NDARC Technical Report No. 316 (2010)
One of the key predictors of treatment outcome is retention in treatment. Previous research, however, has produced inconsistent results when examining factors that might influence treatment retention and completion in drug and alcohol treatment services. One argument has been that these mixed results have been produced by research that has attempted to combine different services and different types of clients into one group, when there is a great amount of variability. The current research was undertaken to examine client characteristics that might influence retention and completion in residential drug-free services and residential opioid-based treatment services.
A sample of 249 clients were recruited from We Help Ourselves (WHOS) Sydney-based therapeutic community (TC) treatment services. One-hundred and ninety-one were from the drug-free services and fifty eight clients were recruited from the opioid-based services. Clients completed a face-to-face interview that asked about demographics, criminal history, lifetime and current drug use, mental health history and current mental health, and readiness to change. Treatment cessation data was collected on clients once they had left the service.
The mean age of entrants in the WHOS services was early to mid-thirties, and approximately two-thirds were male. Mean years of education was approximately 10 years. Just over half had not completed any tertiary education. The vast majority were receiving their main source of income from a temporary benefit. One-third of clients from the drug-free services and two-thirds of clients from the opioid-based services reported that they had ever been in prison. A lifetime of heavy and poly drug use was evident in clients from both services. Over half of the total sample had ever been diagnosed with a mental health problem and the present study found that there were extremely high rates of psychopathology amongst the clients at the time of their admission.
Treatment completion and early drop-out
High proportions of clients from both the drug-free TC services and the opioid-based services completed treatment. Very early drop-out was confined to a minority, and was almost non-existent in the opioid-based TC services.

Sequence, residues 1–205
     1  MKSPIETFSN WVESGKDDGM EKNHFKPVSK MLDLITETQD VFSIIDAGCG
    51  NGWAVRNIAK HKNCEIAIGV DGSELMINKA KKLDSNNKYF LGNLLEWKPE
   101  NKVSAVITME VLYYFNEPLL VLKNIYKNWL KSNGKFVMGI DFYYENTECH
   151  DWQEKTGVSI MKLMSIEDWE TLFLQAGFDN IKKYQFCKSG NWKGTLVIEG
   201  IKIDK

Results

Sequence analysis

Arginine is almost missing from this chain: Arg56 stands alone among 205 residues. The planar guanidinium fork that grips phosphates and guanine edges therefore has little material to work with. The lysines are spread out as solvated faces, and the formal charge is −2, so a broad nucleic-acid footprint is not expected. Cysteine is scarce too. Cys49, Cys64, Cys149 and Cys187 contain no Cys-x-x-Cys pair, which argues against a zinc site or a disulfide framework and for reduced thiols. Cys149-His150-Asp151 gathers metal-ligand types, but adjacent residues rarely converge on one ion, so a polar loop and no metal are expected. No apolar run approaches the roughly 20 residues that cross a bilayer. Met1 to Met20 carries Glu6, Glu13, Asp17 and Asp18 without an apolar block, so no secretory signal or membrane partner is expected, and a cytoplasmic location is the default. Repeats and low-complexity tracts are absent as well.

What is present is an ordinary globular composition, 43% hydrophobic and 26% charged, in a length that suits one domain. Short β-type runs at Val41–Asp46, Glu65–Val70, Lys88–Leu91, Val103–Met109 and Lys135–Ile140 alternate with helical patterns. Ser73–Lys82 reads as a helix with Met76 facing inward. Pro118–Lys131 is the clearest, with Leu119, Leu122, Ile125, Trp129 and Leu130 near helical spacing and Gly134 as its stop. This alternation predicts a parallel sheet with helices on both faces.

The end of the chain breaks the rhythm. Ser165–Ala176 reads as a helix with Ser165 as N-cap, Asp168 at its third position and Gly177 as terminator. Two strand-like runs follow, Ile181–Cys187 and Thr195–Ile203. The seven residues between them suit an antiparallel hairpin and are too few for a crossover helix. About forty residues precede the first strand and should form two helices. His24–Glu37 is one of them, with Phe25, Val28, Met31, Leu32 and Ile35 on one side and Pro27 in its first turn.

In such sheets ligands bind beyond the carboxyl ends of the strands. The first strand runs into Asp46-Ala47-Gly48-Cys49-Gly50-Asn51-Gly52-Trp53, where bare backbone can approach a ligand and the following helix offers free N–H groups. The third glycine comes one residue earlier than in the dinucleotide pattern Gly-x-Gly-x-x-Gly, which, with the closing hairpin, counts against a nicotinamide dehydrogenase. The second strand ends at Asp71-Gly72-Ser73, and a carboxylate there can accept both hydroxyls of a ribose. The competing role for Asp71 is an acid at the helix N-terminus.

Effect of mental health on treatment completion and early drop-out
There were high rates of psychopathology at admission into treatment for both clients in the drug-free and opioid-based services. Despite this, the current study found that there were very limited results with regards to the effect of mental health on treatment completion and early drop-out. Whilst there was no effect of mental health on treatment completion or early drop-out rates amongst the drug-free services, there was some inconsistent results found amongst the opioid-based clients. A lifetime diagnosis of a mental health problem was associated with a higher likelihood of completion; on the other hand, a diagnosis of Borderline Personality Disorder was associated with a lower likelihood of completion. Based on the previous research in this area, it should not be assumed that psychopathology equates to a poorer treatment outcome.
Effect of other client characteristics on treatment completion and early drop-out
The current study found that there was a limited effect of other client characteristics on treatment completion and early drop-out. This is consistent with previous research. In the drug-free services, early drop-out was associated with recently being released from prison and a perception of being less likely to complete treatment. Those that completed treatment in the drug-free client group were more likely to be male and had a lower number of stressful life events. Across the opioid-based clients there were no predictors of treatment completion and only two clients dropped out of treatment within the first week. There was no consistency within the drug-free services between characteristics that predicted early drop-out and treatment completion, suggesting that there are many factors associated with retention and treatment completion and they may come into play throughout different stages of treatment.
The current study found that there was no effect of past, current, frequency or quantity of drug use on treatment retention. WHOS is a non-drug-specific treatment service, and these findings support the effectiveness of the services to provide consistent treatment to clients with a wide range of drug and alcohol and associated issues.
Differences between gender
There were differences between the males and females from the drug-free services, but not from the opioid-based services. Women were more likely to have a university degree, were more likely to have ever engaged in sex work, less likely to have a prison history, and were suffering from more severe mental health problems. Women in the drug-free service also had lower completion rates than the males. There were very few differences amongst the males and females from the opioid-based services, suggesting that they were a more homogenous group.
The major finding was that psychopathology had no relation to either treatment completion or early drop-out in the drug-free services, and only a limited effect in the opioid-based services. Clients with psychopathology should be not be seen as treatment “risks”. A continued non-discriminatory and non-judgmental approach to new admissions, and an equal effort applied to each new admit, is the best practice, which has been the basis of the TC approach for many decades.
Citation: Campbell, G., Darke, S. and Popple, G. (2010) Effects of client characteristics and mental health on treatment completion and retention in a therapeutic community, Sydney: National Drug and Alcohol Research Centre.